Weaver species

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Golden-backed Weaver Ploceus jacksoni

IUCN: Least concern     Discovery: 087

Categories: wetland,
News items about species


Golden-backed Weaver
Golden-backed Weaver male,
figure from Shelley (1888)
Golden-backed Weaver
Golden-backed Weaver male,
figure from Mackworth (1955)
Golden-backed Weaver female,
figure from Mackworth (1955)
Golden-backed Weaver map
Golden-backed Weaver
distribution, type locality circled


The Golden-backed Weaver was formally described by George Ernest Shelley, an English geologist and ornithologist.

The Golden-backed Weaver was collected by Frederick John Jackson, an English administrator, explorer and ornithologist.

Jackson arrived in Kenya in December 1884, where he undertook several hunting and collecting trips. In mid 1886 he decided to go to Kilimanjaro for a few months to hunt and collect specimens. While based near Mount Kilimanjaro a new species was brought to him, which was sent to England where Shelley described it as the Golden-backed Weaver.

Jackson wrote the following about how he obtained the specimen: "Little credit is due to me for having brought this new species to light, as the specimen was brought to me by a little Taveita boy, tied by the legs along with several others of the common yellow species, and was the only one that I kept, as all the rest had had their tails pulled out."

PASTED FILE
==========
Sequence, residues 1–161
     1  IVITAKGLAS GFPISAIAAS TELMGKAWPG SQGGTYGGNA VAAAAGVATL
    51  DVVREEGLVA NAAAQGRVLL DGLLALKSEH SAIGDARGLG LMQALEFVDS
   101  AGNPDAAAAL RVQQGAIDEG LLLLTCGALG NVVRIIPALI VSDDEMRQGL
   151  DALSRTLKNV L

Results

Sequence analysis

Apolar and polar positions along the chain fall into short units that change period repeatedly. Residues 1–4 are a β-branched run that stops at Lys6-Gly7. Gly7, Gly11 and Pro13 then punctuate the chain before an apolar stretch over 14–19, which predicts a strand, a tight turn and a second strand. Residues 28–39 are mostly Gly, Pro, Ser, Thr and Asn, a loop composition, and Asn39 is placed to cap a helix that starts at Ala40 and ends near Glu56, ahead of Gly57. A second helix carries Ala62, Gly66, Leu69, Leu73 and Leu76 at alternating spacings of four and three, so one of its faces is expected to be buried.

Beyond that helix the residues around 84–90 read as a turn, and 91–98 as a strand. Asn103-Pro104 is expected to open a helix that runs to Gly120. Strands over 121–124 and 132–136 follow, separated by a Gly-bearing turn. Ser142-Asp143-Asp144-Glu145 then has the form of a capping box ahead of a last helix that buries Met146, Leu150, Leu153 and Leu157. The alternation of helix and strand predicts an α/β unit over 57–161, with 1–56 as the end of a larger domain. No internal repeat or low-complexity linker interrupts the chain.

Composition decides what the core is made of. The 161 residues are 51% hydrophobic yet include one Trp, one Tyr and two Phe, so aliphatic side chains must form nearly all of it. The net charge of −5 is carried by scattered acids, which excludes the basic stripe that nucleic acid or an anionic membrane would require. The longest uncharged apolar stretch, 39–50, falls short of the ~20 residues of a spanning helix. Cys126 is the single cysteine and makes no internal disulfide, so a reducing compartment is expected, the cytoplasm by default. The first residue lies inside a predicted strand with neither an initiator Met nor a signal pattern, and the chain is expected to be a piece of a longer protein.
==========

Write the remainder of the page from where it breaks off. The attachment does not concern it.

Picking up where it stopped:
The first illustration of the Golden-backed Weaver was of the male type specimen, published by Shelley (1888). The next illustrations to be published were 6 decades later: colour paintings of the male and female in Mackworth (1955).

Scientific citation

Ploceus jacksoni Shelley 1888, Ibis, 1888, p.293 Kilimanjaro = Taveta, Kenya.

Meaning of names

jacksoni, Named after Sir Frederick Jackson (1860-1929) Governor of Uganda, 1911-1917, naturalist, collector, and author.

First English name

Jackson's Golden-backed Weaver (Shelley 1905).

Alternate names

Golden-back Weaver,
Jackson's Golden-backed Weaver,
Jackson's Weaver,
Jackson's Yellow-backed Black-headed Weaver.


Frederick John Jackson.

Date collected


Locality collected

Near Taveta, Kenya.

Type specimens

The type is in the British Museum (BM 1888.6.20.1).

The above is based on Weaver Wednesday 2, a weekly series about the discovery of each weaver species.
This species text first appeared as Weaver Wednesday [204] - Discovery [87]: Golden-backed Weaver on 2016-05-11

1. Basic biology

Golden-backed Weaver
Golden-backed Weaver male,
figure from wikipedia
Identification. The Golden-backed Weaver is a common weaver in East Africa. The male in breeding plumage has a black head, and chestnut and yellow underparts. The Black-headed (or Yellow-backed) Weaver male is similar and overlaps in range, especially around Lake Victoria. The Golden-backed Weaver can be distinguished by its red eye and yellow back (the Black-headed has a brown eye and brown back with a yellow nape band).

The female and non-breeding male Golden-backed Weaver are olive above and yellow below, with a reddish eye. Some interesting photos of these birds in moult may be seen here.

Golden-backed Weaver map